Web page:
Well, this was a bore.
I have to admit, I just don’t think I’m a fan of this story much. I rather hated the 1993 version starring Emma Thompson and Kenneth Branagh, but at least with that version it felt authentic and fluid. There is a lot missing from Joss Whedon’s adaptation, and all of the things that I thought would make me connect to this film wound up taking me even further out of the story and forcing me to hate it even more.
It is very pretty though.
Modernizing Shakespeare is nothing new. We saw it done in 1996 with ‘Romeo + Juliet’ and then again in 2000 with ‘Hamlet’. Both of those versions, much like Whedon’s film, kept the original dialog and Old English dialect intact. I’m not ashamed to say that I consider Baz Luhrmann’s ‘Romeo + Juliet’ to be a masterpiece of modern cinema and a bench march for Shakespearian adaptations. It’s just perfect. While many took issue with the use of Old English, I found that the natural performances really heightened the experience, taking the dialog and making it feel fresh, authentic and appropriate. It is tricky when you take these particular ‘words’ and update the setting.
It’s a slippery slope.
Others have attempted updating Shakespeare and completely rewriting his dialog and situations to make it work. We saw this in 1999’s ’10 Things I Hate About You’. It worked really, really well. Shakespeare is a gamble, but it is a risk that many filmmakers and actors have attempted and will continue to attempt because his work is so important and universally beloved.
So, what exactly is the problem with Whedon’s ‘Much Ado About Nothing’? Well, for starters, the acting is a serious sore point. I will admit, I never followed Whedon’s television career and I am not familiar with these actors at all. I do understand that he has a following and that these actors are regulars (mostly) for his work and that his fans were delighted to see them get roles here. This was a passion project for Whedon as well, which I admire. He filmed the whole thing at his own home. I think that is also a major issue with me, for the nature of this film felt very ‘drama student rehearsing’. The whole feel of the film was very amateur to me. The line readings were awkward and while the majority of the staging and even the modern adapting of scenarios was intriguing and definitely eye catching, the delivery felt off kilter.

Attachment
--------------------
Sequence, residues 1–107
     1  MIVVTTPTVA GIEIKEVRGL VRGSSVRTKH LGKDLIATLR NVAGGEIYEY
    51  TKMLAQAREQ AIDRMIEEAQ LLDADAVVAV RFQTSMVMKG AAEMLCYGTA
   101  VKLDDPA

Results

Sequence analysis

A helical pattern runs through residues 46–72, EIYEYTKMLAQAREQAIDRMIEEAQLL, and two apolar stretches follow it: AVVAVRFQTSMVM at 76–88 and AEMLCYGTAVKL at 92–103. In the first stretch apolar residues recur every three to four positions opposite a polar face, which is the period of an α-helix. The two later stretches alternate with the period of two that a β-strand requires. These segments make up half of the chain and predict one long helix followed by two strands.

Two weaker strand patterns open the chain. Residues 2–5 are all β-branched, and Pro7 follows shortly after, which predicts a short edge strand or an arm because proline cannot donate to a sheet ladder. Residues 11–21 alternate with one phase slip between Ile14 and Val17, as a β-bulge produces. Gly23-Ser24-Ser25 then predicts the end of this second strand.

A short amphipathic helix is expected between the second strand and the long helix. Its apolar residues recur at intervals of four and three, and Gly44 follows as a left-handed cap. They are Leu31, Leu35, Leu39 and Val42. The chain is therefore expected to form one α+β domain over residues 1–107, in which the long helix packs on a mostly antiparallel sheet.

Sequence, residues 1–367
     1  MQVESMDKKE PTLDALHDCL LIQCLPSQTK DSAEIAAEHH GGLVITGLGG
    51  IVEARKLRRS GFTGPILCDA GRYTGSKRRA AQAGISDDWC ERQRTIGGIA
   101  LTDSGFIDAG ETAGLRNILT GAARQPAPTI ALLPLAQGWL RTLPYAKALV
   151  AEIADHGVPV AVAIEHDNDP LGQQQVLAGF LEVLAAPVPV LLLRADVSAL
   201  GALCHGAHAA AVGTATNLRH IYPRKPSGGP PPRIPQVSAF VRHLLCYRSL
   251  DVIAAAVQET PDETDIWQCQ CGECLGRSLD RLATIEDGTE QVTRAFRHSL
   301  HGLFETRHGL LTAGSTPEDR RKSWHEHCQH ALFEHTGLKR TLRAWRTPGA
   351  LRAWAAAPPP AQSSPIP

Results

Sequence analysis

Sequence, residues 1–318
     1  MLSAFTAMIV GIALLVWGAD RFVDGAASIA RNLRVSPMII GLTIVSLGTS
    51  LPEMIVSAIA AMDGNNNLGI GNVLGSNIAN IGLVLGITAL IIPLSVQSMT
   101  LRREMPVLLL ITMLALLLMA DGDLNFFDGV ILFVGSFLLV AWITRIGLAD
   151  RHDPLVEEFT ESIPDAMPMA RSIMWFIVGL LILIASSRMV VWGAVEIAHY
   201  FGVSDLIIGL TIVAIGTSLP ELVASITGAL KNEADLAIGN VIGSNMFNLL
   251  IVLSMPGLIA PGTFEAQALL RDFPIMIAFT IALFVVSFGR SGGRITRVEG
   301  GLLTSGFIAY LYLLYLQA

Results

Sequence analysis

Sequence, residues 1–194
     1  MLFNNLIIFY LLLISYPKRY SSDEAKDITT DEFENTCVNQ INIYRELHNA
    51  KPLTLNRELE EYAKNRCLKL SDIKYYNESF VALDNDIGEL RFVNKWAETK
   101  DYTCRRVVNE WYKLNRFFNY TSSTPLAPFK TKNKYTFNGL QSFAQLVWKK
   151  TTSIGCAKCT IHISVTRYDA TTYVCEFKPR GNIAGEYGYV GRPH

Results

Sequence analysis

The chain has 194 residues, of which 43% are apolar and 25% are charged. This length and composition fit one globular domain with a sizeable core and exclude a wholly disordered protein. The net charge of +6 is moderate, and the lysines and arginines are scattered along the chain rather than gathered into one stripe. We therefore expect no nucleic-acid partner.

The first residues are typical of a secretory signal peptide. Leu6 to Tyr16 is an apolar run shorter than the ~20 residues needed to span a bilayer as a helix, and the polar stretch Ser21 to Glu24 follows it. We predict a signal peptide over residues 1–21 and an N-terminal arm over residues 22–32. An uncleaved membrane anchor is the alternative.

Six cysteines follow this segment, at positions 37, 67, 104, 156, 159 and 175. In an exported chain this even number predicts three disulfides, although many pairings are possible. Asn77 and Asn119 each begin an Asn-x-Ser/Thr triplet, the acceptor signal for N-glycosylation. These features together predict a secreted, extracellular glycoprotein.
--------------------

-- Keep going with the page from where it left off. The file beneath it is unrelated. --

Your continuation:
Alexis Denisof is especially unfortunate, and he has a major role here.
Despite being beautifully filmed, I found that my attention was never held by this film. Like I mentioned on the outset, I’m just not a fan of the story much, but I had higher hopes for this. The convoluted plot can be scattered, cluttered and ridiculous, but where I initially thought the silly nature of the 1993 version was a detractor, I’m beginning to think it was a saving grace. This film loses all of the whimsy nature of the story and replaces it with slow burn that feels void of any real spark or energy. It almost emphasizes the story’s ridiculousness because it isn’t masked over by the film’s tone.
Sadly, the film has no tone.
I give this a D. I really wanted this to be good, but I kind of hated it. It isn’t without some merit though. It is beautifully shot (that black and white is so crisp) and Jillian Morgese (in her first substantial role) is really, really good here (the only natural performer). I also thought that Whedon’s adaptation itself was really inspired, but his direction was too light and his actors were poorly suited to the material. Oscar will ignore this completely, but it has had a few critics’ mentions this year so far. I understand ‘wanting’ to like this movie; but I honestly can’t understand actually liking it.